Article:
Bunching occurs when more than one bus of a specific route number reaches the stop at or around the same time.
Sources in the MTC attribute this to both internal and external problems but it is the commuter who is left to wait for a long time.
“I travel from Anna Salai to Kaviarasu Kannadasan Nagar on bus route 2A. Especially in the evening, three to four buses come within a span of five minutes and, then, one has to wait for nearly twenty minutes for the next bus to arrive,” said M. Vijayanth, who works in a private firm on Anna Salai.
The problem is also faced by commuters who travel on bus route 27B (CMBT to Anna Square).
“A few weeks ago, I got into a crowded 27B bus at Simpsons bus stop and travelled till Naduvankarai. I stood all through the journey. When I alighted, I saw an empty bus of the same route number right behind,” says S. Jeyapradha, another commuter.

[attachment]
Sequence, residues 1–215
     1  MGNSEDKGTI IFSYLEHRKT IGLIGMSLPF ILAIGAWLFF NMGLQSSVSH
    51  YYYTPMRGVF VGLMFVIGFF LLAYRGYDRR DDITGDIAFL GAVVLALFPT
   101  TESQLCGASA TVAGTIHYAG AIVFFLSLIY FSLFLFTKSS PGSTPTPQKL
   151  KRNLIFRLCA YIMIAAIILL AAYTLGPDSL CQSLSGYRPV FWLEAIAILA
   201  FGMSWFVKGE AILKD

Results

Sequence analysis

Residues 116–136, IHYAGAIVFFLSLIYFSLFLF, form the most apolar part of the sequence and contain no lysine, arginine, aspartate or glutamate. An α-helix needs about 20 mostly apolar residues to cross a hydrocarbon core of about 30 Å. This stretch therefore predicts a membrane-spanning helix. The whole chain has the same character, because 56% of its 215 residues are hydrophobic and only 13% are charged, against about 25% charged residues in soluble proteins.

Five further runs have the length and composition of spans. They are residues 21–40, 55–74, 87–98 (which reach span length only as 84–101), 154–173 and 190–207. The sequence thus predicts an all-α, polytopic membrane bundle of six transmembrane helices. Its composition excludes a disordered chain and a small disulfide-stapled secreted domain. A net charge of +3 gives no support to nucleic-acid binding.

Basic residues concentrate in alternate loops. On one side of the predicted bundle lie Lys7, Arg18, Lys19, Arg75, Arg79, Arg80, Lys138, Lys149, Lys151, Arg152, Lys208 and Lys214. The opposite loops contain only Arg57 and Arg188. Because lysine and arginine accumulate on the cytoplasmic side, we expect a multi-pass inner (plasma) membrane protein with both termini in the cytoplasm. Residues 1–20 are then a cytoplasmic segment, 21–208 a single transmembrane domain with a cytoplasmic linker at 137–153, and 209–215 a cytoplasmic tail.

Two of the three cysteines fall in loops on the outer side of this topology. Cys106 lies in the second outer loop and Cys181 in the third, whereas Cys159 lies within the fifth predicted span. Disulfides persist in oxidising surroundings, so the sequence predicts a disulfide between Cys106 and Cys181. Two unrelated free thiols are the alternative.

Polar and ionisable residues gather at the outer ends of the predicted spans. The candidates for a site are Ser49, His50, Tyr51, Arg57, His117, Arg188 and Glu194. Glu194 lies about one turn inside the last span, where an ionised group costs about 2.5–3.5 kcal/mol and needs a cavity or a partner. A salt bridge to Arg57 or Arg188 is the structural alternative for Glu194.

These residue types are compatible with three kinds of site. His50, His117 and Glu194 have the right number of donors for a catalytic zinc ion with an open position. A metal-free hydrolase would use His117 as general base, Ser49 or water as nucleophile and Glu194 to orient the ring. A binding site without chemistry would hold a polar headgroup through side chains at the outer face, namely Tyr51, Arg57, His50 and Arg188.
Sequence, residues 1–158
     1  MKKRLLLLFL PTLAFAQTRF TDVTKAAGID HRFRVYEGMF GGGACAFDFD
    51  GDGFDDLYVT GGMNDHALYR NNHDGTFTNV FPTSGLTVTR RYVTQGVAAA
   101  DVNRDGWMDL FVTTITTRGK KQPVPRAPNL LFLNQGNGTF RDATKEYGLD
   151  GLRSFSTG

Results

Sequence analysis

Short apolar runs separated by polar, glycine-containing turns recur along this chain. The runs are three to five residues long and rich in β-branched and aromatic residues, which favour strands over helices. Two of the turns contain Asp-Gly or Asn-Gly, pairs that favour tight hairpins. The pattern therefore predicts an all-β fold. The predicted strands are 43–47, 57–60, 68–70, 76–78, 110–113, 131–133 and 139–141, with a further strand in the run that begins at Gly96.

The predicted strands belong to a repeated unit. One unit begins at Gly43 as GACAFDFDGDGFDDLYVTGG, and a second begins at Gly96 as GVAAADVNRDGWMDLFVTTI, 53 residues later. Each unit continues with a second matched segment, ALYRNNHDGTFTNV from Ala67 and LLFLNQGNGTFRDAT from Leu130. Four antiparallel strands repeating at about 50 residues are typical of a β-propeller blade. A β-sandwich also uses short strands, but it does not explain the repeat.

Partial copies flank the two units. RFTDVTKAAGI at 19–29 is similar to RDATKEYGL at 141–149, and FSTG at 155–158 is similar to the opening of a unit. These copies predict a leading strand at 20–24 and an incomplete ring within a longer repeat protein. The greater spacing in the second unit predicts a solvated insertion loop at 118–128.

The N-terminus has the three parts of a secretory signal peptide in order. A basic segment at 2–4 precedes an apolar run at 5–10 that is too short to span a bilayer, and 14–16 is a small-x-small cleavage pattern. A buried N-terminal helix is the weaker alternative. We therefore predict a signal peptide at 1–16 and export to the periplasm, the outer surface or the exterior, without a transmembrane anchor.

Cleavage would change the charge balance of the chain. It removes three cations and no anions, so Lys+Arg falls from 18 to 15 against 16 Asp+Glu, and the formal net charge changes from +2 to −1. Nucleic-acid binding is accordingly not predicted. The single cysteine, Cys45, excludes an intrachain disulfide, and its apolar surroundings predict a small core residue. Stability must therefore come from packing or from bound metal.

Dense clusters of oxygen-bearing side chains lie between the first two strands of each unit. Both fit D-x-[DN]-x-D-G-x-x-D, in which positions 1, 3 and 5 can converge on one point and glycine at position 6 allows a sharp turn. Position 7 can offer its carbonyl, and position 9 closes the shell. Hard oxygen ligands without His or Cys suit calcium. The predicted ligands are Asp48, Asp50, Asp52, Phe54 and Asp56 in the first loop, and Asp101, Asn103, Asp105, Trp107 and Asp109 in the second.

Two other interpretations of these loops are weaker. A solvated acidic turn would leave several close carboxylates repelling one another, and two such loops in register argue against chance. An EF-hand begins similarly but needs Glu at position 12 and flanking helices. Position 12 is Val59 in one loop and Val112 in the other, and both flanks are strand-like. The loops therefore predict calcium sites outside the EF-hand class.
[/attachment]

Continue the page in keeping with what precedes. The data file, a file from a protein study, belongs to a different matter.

Sources in the MTC said various factors lead to bunching.
“One of the reasons is the insufficient number of time-keepers in termini. If two or more buses arrive together, a time-keeper is required to adjust the time and send them for the next trip,” said a source in the transport corporation, adding that the problem commonly occurred on high-frequency routes.
“The time-keeper is under pressure to avoid parking of buses in the terminus. Buses are also despatched together from the depot itself and this, too, leads to bunching,” the source added.
According to the source, ticket-checkers in bus stops are required to check for bunching and report cases to the headquarters.
“But they are only keen about checking for tickets,” the source said.
Transportation experts say the government should give priority to the development of modes of public transport.
“Bunching has been a problem for decades. Unless a dedicated service like the Bus Rapid Transit System (BRTS) is introduced, passengers’ wait at bus stops will only get longer,” said an expert.